Magazine article Business Credit

A Letter of Credit as Security for Pre-Judgment Remedy-Beware of the Expiration Date

Magazine article Business Credit

A Letter of Credit as Security for Pre-Judgment Remedy-Beware of the Expiration Date

Article excerpt

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Introduction

A letter of credit (LC) can be an effective device to secure payment of an obligation of a debtor to a creditor. An LC beneficiary obtains payment by presenting to the issuing bank all of the documents required by the LC. The beneficiary's presentation of documents to the issuing bank must be made prior to expiration of the LC. If an LC beneficiary is unable to present all of the required documents before the LC expires, the beneficiary may not be able to rely on the LC as a source of payment.

That is precisely what happened in the Chapter 11 case involving Dairy Mart Convenience Stores Inc. ("Dairy Mart"). An LC was supposed to secure a prejudgment remedy in favor of a creditor. Unfortunately for the creditor, the LC was set to expire before final judgment could be entered in the lawsuit. In the meantime, Dairy Mart had filed a Chapter 11 petition and the beneficiary was unable to obtain an order of the bankruptcy court extending the expiration date of the LC. Could the creditor have avoided this unfortunate state of affairs? Read on people and you will see.

What Is a Letter of Credit?

An LC is an undertaking, usually by a bank, to a named person, the beneficiary, to honor a presentation of documents that complies with the requirements of the LC. An LC can be used as a means of payment in international trade and other business transactions, such as in the export and import of goods and services. An LC could also be issued as security for a party's performance of its obligations. For example, an LC could be offered to secure a buyer's obligation to purchase goods from a seller. LCs have also been tendered in lieu of a security deposit on a lease, and have been issued to secure payment of various note and indenture obligations.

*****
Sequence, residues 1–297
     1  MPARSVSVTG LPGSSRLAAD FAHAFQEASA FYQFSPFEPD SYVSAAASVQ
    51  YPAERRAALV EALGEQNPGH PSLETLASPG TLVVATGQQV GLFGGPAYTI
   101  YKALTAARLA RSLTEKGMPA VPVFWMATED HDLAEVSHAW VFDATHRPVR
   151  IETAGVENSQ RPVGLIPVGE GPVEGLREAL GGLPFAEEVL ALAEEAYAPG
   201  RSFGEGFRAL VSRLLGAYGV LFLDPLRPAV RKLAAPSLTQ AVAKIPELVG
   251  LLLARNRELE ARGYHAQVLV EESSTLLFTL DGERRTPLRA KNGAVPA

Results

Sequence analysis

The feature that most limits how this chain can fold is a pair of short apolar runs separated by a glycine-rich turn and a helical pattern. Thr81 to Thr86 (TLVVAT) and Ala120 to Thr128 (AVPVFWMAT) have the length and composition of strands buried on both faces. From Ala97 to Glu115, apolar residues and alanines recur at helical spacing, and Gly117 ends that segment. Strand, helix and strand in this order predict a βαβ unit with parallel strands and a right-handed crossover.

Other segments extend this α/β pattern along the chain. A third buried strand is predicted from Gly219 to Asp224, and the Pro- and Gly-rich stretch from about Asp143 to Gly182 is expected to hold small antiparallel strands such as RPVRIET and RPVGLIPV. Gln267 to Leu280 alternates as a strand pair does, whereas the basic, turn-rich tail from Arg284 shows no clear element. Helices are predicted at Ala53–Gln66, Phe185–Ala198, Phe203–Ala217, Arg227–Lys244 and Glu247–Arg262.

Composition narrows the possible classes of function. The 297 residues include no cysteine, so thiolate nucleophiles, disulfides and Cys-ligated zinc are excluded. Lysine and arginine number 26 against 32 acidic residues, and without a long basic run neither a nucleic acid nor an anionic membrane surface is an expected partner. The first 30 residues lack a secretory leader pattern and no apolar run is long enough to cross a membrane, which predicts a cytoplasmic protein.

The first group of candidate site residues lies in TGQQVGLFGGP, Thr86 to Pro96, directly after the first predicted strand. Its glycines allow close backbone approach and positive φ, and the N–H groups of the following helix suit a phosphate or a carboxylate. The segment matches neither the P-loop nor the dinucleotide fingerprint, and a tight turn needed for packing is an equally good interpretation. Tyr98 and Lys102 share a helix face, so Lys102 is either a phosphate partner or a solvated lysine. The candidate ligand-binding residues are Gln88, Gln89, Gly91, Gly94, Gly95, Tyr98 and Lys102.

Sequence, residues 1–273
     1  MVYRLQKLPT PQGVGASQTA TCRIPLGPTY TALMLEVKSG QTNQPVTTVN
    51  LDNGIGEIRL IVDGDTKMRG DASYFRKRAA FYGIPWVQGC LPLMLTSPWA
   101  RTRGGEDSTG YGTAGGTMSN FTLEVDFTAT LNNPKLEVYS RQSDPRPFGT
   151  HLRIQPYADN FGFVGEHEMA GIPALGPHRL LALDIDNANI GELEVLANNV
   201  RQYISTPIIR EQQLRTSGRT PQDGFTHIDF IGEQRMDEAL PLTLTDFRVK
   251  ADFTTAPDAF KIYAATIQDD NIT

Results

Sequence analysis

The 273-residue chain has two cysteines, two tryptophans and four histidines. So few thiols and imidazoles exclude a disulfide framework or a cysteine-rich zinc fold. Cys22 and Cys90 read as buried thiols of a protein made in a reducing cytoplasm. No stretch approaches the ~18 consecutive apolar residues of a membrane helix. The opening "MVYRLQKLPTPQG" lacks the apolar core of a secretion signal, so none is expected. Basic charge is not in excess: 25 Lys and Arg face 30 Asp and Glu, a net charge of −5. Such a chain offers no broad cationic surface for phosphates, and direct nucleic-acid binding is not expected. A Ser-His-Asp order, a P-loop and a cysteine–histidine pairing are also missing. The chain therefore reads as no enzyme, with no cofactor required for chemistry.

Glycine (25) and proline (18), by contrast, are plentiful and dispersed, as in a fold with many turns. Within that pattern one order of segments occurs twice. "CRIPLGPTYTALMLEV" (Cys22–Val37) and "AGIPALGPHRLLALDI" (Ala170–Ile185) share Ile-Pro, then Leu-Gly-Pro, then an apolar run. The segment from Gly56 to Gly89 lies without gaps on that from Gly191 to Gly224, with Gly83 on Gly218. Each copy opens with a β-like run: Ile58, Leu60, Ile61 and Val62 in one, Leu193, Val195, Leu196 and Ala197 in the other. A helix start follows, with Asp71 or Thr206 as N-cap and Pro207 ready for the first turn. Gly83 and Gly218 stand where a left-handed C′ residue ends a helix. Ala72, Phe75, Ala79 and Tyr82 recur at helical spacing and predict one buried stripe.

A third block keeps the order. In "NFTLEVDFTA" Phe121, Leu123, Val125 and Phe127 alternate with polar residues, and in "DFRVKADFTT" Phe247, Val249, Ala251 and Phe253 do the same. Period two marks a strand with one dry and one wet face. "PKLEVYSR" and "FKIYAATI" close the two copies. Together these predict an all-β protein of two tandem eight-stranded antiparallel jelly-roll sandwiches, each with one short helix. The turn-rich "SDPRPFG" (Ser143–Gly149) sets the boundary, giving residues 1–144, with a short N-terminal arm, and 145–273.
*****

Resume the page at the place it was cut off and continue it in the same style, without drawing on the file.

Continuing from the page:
An LC transaction involves three parties and three independent contracts. The first contract is the agreement for which the LC is to be the means of payment or collateral security. This agreement could be a contract for the sale of goods. Where an LC is the method of payment of the purchase price of goods, the seller is the LC beneficiary, the buyer is the LC account party or applicant and the bank issuing the LC is the LC issuer.

The second contract is the agreement between the LC issuing bank and the applicant/account party, such as a buyer of goods. A bank agrees to issue an LC and the LC/applicant/account party/buyer agrees to reimburse the issuing bank for payments made to the beneficiary upon the presentation of all of the documents required by the LC. The LC/applicant/account party also agrees to pay all commissions and fees provided in the issuing bank/account party agreement. The agreement also sometimes provides for collateral security for payment of the account party's reimbursement obligation to the bank.

The third contract is the LC itself that a bank issues in favor of the beneficiary/seller. The beneficiary/seller must present all of the documents required under the LC prior to expiration of the LC as a condition to payment by the issuing bank. The documents may include a draft (demand for payment), invoices, delivery and insurance documents.

Each of these contracts is independent of the other. For example, if the seller presents the required documents, the issuing bank must pay on the LC regardless of disputes between the seller and the buyer in the sale transaction and/or the buyer's financial inability to reimburse the bank for payments and charges under the LC. The issuing banks payment to the beneficiary/seller based upon the seller's presentation of noncomplying documents extinguishes the buyer's obligation to reimburse the bank for that payment.

The issuing bank's primary concern is to determine whether the seller/beneficiary has presented documents that comply with the terms of the LC. The bank deals only in documents presented by the beneficiary when deciding whether to pay on the LC. …

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